55 dead in Gaza on day of bloody massacre
Israeli troops killed at least 55 Palestinians during mass protests on the Gaza border yesterday as the US opened its new Jerusalem embassy.
At least six children under the age of 18 were among the dead and about 2,700 were wounded as the protests quickly turned to bloodshed.
Donald Trump's decision to recognise Jerusalem as the Israeli capital has angered the Palestinians and been labelled a setback to peace efforts.
But at the ceremony to open the embassy in the holy city, Israeli leader Benjamin Netanyahu thanked the US president for "having the courage to keep your promises".
"What a glorious day for Israel," Mr Netanyahu said. "We are in Jerusalem and we are here to stay."
Mr Trump was represented at the ceremony by his daughter Ivanka - whom he has appointed as a senior adviser - and her husband Jared Kushner.
In a recorded message played at the ceremony, the president said he remained committed to peace between Israel and the Palestinians.
But on the border of the Gaza Strip, the number killed quickly rose to the highest death toll in a single day since protests by Palestinians demanding to be given the right to return to their ancestral homes in Israel began on March 30.
The latest casualties raised the Palestinian death toll to 91, marking the worst bloodshed since the 2014 Gaza War. No Israeli casualties have been reported.
France called on Israel to show restraint and UN Secretary-General Antonio Guterres said he was "deeply concerned".
Tens of thousands of Palestinians had streamed to the coastal enclave's land border, some approaching the Israeli fence - a line Israeli leaders said they would not be allowed to breach.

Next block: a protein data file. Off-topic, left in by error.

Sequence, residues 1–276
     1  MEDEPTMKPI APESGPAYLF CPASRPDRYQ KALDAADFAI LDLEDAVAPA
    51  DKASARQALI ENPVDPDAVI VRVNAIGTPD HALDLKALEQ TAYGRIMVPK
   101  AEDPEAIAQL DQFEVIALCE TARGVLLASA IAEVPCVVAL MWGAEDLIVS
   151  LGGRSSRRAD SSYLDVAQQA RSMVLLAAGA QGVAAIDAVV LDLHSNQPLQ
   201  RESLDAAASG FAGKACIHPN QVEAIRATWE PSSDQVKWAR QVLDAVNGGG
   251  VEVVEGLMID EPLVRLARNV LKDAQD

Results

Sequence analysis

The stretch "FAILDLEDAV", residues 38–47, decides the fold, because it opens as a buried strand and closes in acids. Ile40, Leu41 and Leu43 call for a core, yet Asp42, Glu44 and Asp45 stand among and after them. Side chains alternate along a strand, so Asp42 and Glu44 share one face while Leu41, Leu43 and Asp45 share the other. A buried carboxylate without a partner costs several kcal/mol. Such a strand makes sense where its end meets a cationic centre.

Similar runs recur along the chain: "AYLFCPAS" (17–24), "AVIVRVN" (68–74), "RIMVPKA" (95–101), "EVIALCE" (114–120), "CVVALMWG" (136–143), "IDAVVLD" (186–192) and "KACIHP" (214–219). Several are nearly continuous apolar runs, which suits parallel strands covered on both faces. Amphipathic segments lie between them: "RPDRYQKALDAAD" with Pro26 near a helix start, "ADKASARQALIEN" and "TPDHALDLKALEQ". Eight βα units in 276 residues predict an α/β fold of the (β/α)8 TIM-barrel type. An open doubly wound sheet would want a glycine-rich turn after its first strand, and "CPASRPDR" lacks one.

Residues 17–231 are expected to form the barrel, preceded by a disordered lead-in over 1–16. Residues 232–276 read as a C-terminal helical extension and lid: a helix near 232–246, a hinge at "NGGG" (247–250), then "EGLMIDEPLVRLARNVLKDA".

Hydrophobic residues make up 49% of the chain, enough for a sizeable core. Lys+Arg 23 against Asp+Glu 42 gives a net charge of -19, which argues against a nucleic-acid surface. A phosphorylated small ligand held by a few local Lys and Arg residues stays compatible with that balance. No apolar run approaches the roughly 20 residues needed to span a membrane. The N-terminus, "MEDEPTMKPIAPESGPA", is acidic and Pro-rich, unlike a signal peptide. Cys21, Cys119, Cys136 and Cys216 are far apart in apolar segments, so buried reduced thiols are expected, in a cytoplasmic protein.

Clouds of black smoke from burning tyres rose in the air as demonstrators, some armed with slingshots, hurled stones at the Israeli security forces,.
They hit back with volleys of tear gas and intense rounds of gunfire.
"Today is the big day when we will cross the fence and tell Israel and the world we will not accept being occupied forever," said science teacher Ali, who refused to give his last name.
Mr Trump's recognition of the contested city of Jerusalem as Israel's capital in December outraged Palestinians, who said the United States could no longer serve as an honest broker in any peace process with Israel.
Palestinians seek to have East Jerusalem as the capital of a state they want to establish in the occupied West Bank and the Gaza Strip.
Israel regards all of the city as its "eternal and indivisible capital".
The Palestinians shot dead yesterday included a medic and a man in a wheelchair who was seen using a slingshot.
The army claimed three of those killed were armed militants who tried to place explosives near the fence.
Some protesters flew flaming kites to try and torch bushes on the other side and distract Israeli marksmen. Hundreds of Palestinians were treated for tear gas inhalation.
"The IDF (Israel Defence Forces) will act forcefully against any terrorist activity and will operate to prevent attacks against Israelis," the military said in a statement.
The killings have drawn much criticism in recent weeks, but the US has echoed Israel in accusing Gaza's ruling Hamas movement of instigating the violence, an allegation it denies.
Spokesman Raj Shah accused Hamas' leaders of making a "gruesome and unfortunate propaganda attempt" that led to the clashes in Gaza at the same time the US was opening its new embassy in Jerusalem, a move that has fueled Palestinian anger.
At a White House briefing, Shah also declined to join with other countries, including France and Britain, in calling for Israel to exercise restraint in its response to the protests.
The White House instead reiterated the Trump administration's refrain, in response to weeks of violence on the Israel-Gaza border, that Israel had a right to defend itself.
"The responsibility for these tragic deaths rests squarely with Hamas," Shah said. "Hamas is intentionally and cynically provoking this response."
Palestinian Prime Minister Rami Hamdallah accused the United States of "blatant violations of international law".
"Choosing a tragic day in Palestinian history to open the embassy shows great insensibility and disrespect for the core principles of the peace process," Mr Hamdallah wrote.